Could the proposed British ISA make home bias more prevalent?


Individual Savings Accounts (ISAs) have become a cornerstone of saving and investing for many in the UK, with AJ Bell revealing that UK adults hold nearly £750 billion in ISA wrappers. This wealth is divided into around £456 billion invested within Stocks and Shares ISAs and £285 billion in Cash ISAs.

There’s a limit to how much you can contribute into an adult ISA every year. As of the 2024/25 tax year, this stands at £20,000, although individual limits can apply to certain accounts.

In his 2024 Budget, chancellor Jeremy Hunt proposed a “British ISA” designed to encourage investment in UK-focused assets while still allowing tax-efficient growth.

This new option would include an additional £5,000 allowance, bringing your total potential annual ISA contribution to £25,000.

While this may initially sound enticing, the British ISA could mean that your portfolio isn’t as diversified as it realistically should be, and could contribute towards “home bias”.

Continue reading to discover how the British ISA would work, and how it could encourage home bias.

The proposed “British ISA” is designed to encourage investing in UK-focused assets

As you read above, the British ISA would allow you to invest an extra £5,000 on top of your existing £20,000 limit across most adult ISAs.

Remember, investments within an ISA don’t incur Income Tax, Capital Gains Tax (CGT), or Dividend Tax.

The important caveat is that you would only be able to invest the additional £5,000 in UK-based companies and assets.

While the British ISA could theoretically allow you to shield more of your wealth from taxes and benefit from potential investment growth, the risk of home bias is a considerable concern.

Home bias could be unavoidable with the British ISA

Investing carries some level of risk, but you may be able to manage this by adopting a balanced strategy. A well-diversified portfolio may help to distribute your wealth across several different assets and sectors.

This means that if a particular investment falls in value, you could potentially offset these losses with gains from elsewhere.

Importantly, diversification extends beyond sectors and assets; it may also be wise to invest in companies from different countries.

If you neglect to do this, you might be unknowingly suffering from home bias.

This occurs when you concentrate a large portion of your investments in local assets and companies, which is far more common than you may think.

Indeed, Barclays reveals that the UK stock market makes up around 4% of the global market, yet British investors typically allocate 25% of their portfolio to domestic holdings.

This tendency towards familiarity is somewhat understandable. Your home market may be the one you know best, after all, and solely investing in it could help you feel more in control and give you the perception that it’s “safer”.

However, this approach could actually increase your exposure to risk and reduce potential opportunities for growth.

Even if you invest your £5,000 British ISA allowance in UK funds, and the remaining £20,000 in overseas investments with your regular allowance, 20% of your overall portfolio would still be tied to the UK stock market.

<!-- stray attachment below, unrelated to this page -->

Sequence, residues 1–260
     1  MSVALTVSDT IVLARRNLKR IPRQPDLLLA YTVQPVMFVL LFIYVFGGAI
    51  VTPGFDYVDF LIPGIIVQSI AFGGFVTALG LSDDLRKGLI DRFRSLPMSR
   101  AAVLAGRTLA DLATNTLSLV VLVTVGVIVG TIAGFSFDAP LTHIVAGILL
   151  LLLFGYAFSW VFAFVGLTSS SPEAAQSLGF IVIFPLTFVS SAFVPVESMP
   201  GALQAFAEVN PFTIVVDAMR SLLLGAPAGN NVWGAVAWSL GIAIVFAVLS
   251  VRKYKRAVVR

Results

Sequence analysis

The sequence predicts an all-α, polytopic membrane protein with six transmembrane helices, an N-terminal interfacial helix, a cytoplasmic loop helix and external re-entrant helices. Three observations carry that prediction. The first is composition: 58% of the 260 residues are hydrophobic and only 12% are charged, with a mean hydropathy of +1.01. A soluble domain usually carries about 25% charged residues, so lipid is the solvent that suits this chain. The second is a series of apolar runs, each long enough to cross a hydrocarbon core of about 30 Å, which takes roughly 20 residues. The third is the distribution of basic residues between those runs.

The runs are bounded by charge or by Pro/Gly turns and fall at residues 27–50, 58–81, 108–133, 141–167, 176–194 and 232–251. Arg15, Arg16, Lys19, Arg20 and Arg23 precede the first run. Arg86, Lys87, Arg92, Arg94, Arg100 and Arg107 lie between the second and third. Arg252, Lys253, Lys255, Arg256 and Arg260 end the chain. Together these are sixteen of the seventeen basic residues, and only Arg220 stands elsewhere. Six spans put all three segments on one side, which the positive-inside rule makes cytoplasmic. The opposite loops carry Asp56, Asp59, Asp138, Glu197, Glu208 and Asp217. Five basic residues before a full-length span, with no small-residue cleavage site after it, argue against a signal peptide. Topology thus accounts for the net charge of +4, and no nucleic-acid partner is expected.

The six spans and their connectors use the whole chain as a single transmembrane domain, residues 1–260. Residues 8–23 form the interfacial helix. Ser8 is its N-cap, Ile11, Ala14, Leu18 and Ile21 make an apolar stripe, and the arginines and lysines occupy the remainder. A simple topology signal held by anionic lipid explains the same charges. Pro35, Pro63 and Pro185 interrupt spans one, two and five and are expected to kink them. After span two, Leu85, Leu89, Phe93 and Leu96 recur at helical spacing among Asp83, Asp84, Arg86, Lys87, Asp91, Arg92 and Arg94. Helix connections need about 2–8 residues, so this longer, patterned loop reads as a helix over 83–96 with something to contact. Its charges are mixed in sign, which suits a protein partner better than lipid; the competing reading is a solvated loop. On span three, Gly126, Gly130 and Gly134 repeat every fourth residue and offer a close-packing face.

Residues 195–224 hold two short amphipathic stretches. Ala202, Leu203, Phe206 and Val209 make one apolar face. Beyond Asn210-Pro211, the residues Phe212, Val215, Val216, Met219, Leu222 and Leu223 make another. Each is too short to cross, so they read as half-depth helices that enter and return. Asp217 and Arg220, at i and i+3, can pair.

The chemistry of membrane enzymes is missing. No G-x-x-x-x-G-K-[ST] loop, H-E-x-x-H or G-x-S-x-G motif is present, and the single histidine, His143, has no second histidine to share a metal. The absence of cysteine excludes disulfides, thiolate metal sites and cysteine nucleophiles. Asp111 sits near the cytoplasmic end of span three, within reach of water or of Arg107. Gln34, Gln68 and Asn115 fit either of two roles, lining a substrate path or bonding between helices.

There are many reasons you may benefit from avoiding home bias wherever possible

Focusing solely on the British market could lead you to miss out on potential long-term growth opportunities that may come with broader diversification.

This is because markets around the world often perform differently over the same time period, as demonstrated by the asset quilt below, which showcases the performance of various stock market indices.

Source: JP Morgan

The varying performances across different markets highlight how investing solely in one geographical location could cause you to miss out on growth from others.

While short-term fluctuations aren’t exactly indicative of long-term trends, adopting a diversified approach to investing could ensure that you benefit from particularly profitable surges in markets around the world.

Also, if you only invest in one market, you’re essentially concentrating your risk. The US market is a prime example of this.

Investors’ Chronicle reveals that US assets account for 60% of the FTSE All-World index, but just because the US market is so vast, doesn’t necessarily mean you should concentrate your holdings there.

Furthermore, the performance of the US market is primarily driven by the seven largest technology companies – aptly called the “Magnificent Seven” – with the Guardian revealing that they made up 17.2% of the global stock market in 2023.

If you invest heavily in these companies, and the tech sector experiences a downturn, you could face significant losses.

While this is only one example of many, it does demonstrate the potential downsides of concentrated risk, which occurs when you invest a large portion of your wealth in one particular sector or geographical area.

The same could be true for Britain – which is why, although it’s a tax-efficient investment opportunity, the British ISA may lead to an overexposure to UK-based holdings.

Get in touch

We can help ensure that your portfolio is adequately diversified so you can manage risk, with or without the introduction of a British ISA.

To find out more, please contact us by email at or call 0115 933 8433.

Please note

This article is for general information only and does not constitute advice. The information is aimed at retail clients only.

The value of your investments (and any income from them) can go down as well as up and you may not get back the full amount you invested. Past performance is not a reliable indicator of future performance. 

Investments should be considered over the longer term and should fit in with your overall attitude to risk and financial circumstances.